One man’s junk truly is another man’s treasure—at least where internationally renowned artist Howard Solomon is concerned.
Solomon has turned his own home into a castle, literally, displaying his unique works of art made out of scrap metal, old car parts, musical instruments, and whatever else society has chocked off as “junk.”
His one-of-a-kind kingdom in Ona, known simply as Solomon’s Castle, began with hundreds of aluminum sheets formerly used on a printing press. The shimmering panels gleam in the sunlight luring visitors from around the world.
His 70 acre paradise is open to the public and has been featured on BBC, PBS, CNN, Animal Planet, and the Better Home and Gardens Network.
When he was only four years old, Solomon was given a block of wood and a razor blade! He created his first piece of artwork by carving out two small cars in perfect detail on the small block of wood. It is now one of his featured pieces of art at the museum.
And his castle even has a moat. It doesn’t circle the castle, but it does have a ship that Solomon spent four years building complete with a restaurant. The Boat in the Moat restaurant boasts of their homemade meals offering dining inside and out. Although the moat itself is dry due to the drought, Hurricane Charley dumped so much rain a few years ago that the moat flooded.
I got my own glimpse into Solomon’s fairy tale land where it would almost seem natural for a princess to appear at any moment and wander off into the lush woods in search of her frog prince.
On a recent trip north to pick up our girls from summer camp, my friend Fran and I, decided to appease our curiosity and stop by Solomon’s Castle. We were greeted by Peggy, the “Plant Manager,” in the book and gift shop of the castle lobby.
She graciously gave us a tour of his fortress, humorously filling us in on how he got his somewhat bizarre ideas of using items like brake drums, hangers, and speaker parts to create animals, people, and other art objects. Trains, cars, and wood replicas of other famous artists are also a part of his intricate collection.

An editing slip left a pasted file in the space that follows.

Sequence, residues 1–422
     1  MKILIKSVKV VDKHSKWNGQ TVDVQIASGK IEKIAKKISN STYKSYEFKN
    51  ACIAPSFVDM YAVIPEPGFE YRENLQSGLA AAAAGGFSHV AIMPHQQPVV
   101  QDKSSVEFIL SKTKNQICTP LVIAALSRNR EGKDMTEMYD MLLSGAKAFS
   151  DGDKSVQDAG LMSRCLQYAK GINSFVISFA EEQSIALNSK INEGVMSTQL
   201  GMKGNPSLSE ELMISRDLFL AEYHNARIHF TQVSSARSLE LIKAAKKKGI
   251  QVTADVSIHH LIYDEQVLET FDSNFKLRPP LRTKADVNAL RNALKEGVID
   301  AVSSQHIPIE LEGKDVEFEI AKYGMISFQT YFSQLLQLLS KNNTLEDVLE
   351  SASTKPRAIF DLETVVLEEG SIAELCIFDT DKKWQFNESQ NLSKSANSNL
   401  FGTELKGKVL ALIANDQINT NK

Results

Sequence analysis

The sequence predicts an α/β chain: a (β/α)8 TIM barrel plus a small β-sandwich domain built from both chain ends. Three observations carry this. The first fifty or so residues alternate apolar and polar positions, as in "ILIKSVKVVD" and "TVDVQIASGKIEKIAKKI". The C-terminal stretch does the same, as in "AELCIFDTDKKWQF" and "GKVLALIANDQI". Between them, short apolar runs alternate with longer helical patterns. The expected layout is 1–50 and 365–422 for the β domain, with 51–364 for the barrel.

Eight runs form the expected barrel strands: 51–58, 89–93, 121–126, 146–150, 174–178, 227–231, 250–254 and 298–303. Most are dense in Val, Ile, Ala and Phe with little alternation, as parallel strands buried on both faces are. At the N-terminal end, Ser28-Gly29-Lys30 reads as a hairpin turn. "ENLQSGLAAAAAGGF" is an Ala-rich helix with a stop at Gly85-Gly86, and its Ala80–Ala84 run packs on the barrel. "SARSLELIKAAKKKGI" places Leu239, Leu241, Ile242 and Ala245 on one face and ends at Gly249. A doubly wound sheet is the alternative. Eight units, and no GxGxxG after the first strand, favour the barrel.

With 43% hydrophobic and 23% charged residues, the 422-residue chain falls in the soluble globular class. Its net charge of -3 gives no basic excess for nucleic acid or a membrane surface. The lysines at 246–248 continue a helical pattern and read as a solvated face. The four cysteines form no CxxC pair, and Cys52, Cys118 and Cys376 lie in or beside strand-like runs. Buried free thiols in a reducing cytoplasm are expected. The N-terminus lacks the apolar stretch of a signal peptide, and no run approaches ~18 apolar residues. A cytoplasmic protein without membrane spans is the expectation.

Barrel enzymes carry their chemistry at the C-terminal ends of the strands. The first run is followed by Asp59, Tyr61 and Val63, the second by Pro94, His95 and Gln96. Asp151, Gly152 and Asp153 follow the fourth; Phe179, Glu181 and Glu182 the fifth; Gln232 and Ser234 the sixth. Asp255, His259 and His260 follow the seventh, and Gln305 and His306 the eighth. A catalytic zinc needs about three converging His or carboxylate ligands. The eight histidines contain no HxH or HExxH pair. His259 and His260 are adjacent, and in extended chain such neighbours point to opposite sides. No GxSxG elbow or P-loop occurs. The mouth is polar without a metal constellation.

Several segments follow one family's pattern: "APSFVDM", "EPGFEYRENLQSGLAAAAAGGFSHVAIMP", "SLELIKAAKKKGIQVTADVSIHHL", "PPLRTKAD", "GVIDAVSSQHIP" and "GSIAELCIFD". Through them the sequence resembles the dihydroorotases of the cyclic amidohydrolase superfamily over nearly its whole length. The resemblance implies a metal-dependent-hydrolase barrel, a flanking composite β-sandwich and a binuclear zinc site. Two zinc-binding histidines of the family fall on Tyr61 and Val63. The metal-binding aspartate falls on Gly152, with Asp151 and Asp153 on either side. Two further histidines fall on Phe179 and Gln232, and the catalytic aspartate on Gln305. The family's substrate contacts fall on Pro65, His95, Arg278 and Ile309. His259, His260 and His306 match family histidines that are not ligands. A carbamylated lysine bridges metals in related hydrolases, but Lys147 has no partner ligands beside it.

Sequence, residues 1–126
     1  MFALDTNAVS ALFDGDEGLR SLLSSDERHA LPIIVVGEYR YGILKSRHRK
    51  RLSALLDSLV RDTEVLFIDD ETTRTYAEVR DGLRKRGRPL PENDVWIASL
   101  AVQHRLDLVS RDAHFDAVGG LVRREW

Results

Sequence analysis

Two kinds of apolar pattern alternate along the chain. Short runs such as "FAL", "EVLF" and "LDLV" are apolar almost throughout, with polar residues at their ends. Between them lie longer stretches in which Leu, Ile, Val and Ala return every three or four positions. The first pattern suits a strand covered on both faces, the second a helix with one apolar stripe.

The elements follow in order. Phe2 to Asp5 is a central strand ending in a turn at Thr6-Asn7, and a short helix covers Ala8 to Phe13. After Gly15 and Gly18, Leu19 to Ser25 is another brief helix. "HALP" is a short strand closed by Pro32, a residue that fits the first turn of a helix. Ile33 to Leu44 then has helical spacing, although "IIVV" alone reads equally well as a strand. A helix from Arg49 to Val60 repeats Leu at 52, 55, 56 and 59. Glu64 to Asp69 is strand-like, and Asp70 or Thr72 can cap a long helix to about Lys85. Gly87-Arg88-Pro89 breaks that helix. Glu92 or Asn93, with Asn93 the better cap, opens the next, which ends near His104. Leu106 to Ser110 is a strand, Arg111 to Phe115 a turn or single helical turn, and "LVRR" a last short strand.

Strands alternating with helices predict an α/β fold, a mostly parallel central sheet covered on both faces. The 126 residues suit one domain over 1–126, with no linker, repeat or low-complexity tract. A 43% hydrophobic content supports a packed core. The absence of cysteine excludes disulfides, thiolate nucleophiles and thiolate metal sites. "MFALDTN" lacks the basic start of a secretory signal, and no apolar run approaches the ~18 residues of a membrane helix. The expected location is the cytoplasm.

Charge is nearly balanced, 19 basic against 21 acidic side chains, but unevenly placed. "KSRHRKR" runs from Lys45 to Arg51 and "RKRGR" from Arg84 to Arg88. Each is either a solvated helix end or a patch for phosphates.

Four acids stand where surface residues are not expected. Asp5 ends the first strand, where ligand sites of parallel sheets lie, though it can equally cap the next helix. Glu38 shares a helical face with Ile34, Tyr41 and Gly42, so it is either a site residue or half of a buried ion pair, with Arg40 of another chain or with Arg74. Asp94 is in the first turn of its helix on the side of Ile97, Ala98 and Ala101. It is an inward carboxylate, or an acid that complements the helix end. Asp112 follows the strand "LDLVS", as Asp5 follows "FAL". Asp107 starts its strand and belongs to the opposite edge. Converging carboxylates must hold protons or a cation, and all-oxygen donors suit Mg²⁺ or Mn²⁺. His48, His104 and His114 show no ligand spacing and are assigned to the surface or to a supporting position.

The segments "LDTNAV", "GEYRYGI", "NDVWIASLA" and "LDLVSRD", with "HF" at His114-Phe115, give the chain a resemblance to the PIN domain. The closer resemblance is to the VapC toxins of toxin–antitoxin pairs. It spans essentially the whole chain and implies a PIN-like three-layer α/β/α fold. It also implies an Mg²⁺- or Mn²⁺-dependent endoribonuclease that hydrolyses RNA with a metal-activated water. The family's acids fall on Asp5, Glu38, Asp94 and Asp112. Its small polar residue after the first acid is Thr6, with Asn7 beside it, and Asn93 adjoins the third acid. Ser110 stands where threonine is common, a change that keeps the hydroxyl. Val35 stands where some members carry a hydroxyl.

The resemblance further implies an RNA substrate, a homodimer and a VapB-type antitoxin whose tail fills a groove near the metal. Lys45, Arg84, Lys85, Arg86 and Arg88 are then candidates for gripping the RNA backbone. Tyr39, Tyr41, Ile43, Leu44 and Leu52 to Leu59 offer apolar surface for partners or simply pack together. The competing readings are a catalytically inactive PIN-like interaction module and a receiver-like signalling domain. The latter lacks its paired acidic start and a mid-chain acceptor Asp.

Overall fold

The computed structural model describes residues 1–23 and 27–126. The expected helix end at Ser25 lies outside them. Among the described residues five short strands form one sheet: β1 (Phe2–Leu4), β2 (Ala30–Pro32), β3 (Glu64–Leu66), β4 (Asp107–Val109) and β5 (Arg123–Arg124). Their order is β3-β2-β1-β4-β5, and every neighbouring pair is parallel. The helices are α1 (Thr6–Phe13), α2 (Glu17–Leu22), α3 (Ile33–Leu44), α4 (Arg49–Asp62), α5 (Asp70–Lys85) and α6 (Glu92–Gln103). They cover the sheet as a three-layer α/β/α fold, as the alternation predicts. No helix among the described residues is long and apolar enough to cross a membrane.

The inside doesn’t exactly replicate a castle because it is actually a museum. He does a great job displaying his creations and even invites his guests into his living quarters to see his handmade kitchen cabinets and elevator.
Solomon built a mini lighthouse in honor of the theme and claims to “Have never lost a ship.” His castle even has its own version of a bed and breakfast for an overnight stay at the Blue Moon Room. They also host tour groups, birthdays, weddings, and banquets on site.
The isolated mini kingdom is for the most part, isolated from the rest of the world. In other words, there isn’t anything else around. So this would be a good visit on your way to or back from somewhere else, unless you’re looking to spend the day there. The castle is closed August and September, but does reopen in October, just in time for tourist season.
For more info and directions check out: www.solomonscastle.com.